The SCN population density in the soil (number of SCN cysts or eggs) can be used to identify if a field is infested with SCN, to determine what management practices are warranted, and to assess the success of implemented management practices. Growers should consult the extension nematologist or plant pathologist at their state's land grant university for the most current SCN management recommendations. Management recommendations usually vary based on the SCN population density in the soil. If you have results of SCN soil tests from a private laboratory and want to determine what the appropriate management recommendations are, be sure to have the results expressed in the same nematode stage (cysts or eggs) and amount of soil (100 or 250 cc) as those used in the management recommendations.
5. Why is a follow-up greenhouse test necessary for samples with low SCN egg counts?
At the ISU Plant Disease Clinic, a follow-up greenhouse test is performed on samples with less than 500 eggs per 100 cc of soil to confirm that the sample is truly infested with SCN. When a soil sample is tested for SCN, 100 cc of soil is processed but the amount of the sample that is observed with a microscope for the presence of SCN eggs is 1 percent of the sample. Consequently, an egg count of 200 means that two eggs were observed under the microscope. With very low egg counts, it is possible that an egg from a previous sample may have been carried over on the processing equipment. Also, it is possible that a few eggs of non-plant-parasitic nematodes may have been recovered from soil particles during processing.
To double check that a sample with low egg counts is truly infested with SCN, a seedling of an SCN-susceptible soybean variety is transplanted into the soil remaining from the sample after the initial 100 cc of soil has been processed. The seedlings are grown under controlled temperature and light conditions for 28 to 35 days in a greenhouse, then the roots are carefully observed for the presence of SCN females. The presence of one or more SCN females confirms that the sample is infested with SCN. Unfortunately, the absence of SCN females on the roots of the soybeans does not necessarily mean that the sample is not infested with SCN. The remaining soil that was tested in the greenhouse may have not had any SCN cysts and eggs left in the soil or conditions may have been such that SCN eggs in the remaining soil may have not hatched and infected during the follow-up greenhouse test. Resampling for SCN is recommended for fields from which samples with low egg counts but negative greenhouse tests are obtained.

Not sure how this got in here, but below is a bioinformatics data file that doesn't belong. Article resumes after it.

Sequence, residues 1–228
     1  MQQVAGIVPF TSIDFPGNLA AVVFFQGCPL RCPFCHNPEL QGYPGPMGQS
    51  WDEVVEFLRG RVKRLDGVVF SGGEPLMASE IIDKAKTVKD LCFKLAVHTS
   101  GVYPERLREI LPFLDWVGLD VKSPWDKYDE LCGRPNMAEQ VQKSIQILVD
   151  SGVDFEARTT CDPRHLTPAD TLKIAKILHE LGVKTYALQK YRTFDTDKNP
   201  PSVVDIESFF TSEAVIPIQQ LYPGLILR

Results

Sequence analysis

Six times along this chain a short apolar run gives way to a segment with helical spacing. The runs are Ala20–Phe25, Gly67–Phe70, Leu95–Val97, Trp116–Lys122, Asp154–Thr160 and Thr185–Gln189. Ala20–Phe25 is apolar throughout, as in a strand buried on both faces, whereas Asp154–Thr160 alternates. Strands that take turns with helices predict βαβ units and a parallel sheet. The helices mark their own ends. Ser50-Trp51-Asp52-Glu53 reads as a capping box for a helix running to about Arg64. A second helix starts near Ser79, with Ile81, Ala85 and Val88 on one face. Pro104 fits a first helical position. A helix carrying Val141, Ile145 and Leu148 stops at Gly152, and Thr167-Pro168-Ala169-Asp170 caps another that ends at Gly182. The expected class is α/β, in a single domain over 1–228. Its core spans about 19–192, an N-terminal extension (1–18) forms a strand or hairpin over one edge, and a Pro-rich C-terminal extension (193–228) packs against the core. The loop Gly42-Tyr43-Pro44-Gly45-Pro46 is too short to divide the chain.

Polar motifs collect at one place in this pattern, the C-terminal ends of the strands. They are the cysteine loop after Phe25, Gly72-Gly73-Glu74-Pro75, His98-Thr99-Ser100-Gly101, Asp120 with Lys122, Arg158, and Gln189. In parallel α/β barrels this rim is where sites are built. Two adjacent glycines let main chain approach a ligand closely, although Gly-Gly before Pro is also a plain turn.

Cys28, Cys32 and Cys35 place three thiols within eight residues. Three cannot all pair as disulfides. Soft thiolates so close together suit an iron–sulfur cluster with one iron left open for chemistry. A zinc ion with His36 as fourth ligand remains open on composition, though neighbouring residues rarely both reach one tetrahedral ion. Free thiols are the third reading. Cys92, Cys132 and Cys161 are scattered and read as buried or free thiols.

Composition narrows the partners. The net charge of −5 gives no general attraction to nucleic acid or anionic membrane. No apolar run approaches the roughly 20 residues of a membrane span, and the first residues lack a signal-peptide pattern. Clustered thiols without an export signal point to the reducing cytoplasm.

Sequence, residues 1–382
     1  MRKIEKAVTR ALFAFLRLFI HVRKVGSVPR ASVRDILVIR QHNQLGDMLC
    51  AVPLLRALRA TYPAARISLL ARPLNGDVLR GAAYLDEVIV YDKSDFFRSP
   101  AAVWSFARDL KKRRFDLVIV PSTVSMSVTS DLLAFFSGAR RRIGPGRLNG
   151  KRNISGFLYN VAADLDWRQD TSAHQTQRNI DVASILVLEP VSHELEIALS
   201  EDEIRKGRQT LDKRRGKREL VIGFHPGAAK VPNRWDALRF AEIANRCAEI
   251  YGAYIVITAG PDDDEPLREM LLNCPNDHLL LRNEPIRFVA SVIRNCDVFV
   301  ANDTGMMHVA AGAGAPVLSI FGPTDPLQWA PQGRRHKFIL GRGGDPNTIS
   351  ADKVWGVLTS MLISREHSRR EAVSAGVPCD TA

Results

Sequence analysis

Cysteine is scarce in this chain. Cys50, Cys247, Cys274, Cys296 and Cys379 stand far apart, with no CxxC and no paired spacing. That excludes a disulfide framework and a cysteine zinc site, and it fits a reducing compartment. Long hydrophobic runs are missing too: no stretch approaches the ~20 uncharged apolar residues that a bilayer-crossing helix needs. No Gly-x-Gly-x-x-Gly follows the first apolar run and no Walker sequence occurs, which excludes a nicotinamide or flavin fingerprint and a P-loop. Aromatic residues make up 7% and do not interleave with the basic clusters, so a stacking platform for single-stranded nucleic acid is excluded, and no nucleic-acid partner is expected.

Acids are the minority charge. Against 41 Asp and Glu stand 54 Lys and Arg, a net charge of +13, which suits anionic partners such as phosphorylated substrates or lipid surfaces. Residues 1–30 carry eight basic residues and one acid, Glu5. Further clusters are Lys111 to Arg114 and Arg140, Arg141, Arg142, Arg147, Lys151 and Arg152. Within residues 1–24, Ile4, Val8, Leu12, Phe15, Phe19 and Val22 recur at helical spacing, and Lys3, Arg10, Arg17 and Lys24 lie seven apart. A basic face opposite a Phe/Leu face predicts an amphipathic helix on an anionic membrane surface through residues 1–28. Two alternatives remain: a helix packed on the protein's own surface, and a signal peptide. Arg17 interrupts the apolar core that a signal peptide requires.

6. Does a negative SCN soil test result prove that the field is not infested with the nematode?
Not finding SCN in a soil sample does not prove that it is not present in the field from which the sample was collected for two reasons. First, the extraction procedures used to recover cysts and eggs of SCN from soil are not 100 percent effective. Consequently, some samples that contain low levels of SCN may not test positive when the soil is processed for the nematode. Second, the distribution of SCN can be variable in a field (see the answer to question 3), and it is possible that soil might have not been collected from the areas of the field that are infested with the nematode. A field from which a sample with a negative SCN test is obtained most likely does not have a substantial SCN infestation, but follow-up sampling is recommended to check for SCN infestations that become established in future years.
There are numerous ISU publications available that contain information about SCN. The biology, life cycle, and recommended management of SCN are described in Pm-879, Soybean Cyst Nematode. Publication Pm-1649, Disease-resistant Soybean Varieties for Iowa, lists soybean varieties with resistance or tolerance to four major Iowa soybean diseases, including SCN. Publication IPM-47s, Scouting for Soybean Cyst Nematode, illustrates the recommended procedures for scouting for SCN. Finally, PD-32, Plant Nematode Sample Submission Form, is the form that should be submitted with soil samples to the ISU Plant Disease Clinic for SCN testing. Single copies of each publication are available free of charge from county extension offices or from the Extension Distribution Center (515-294-5247).
This article originally appeared on pages 27-29 of the IC-482 (4) -- April 5, 1999 issue.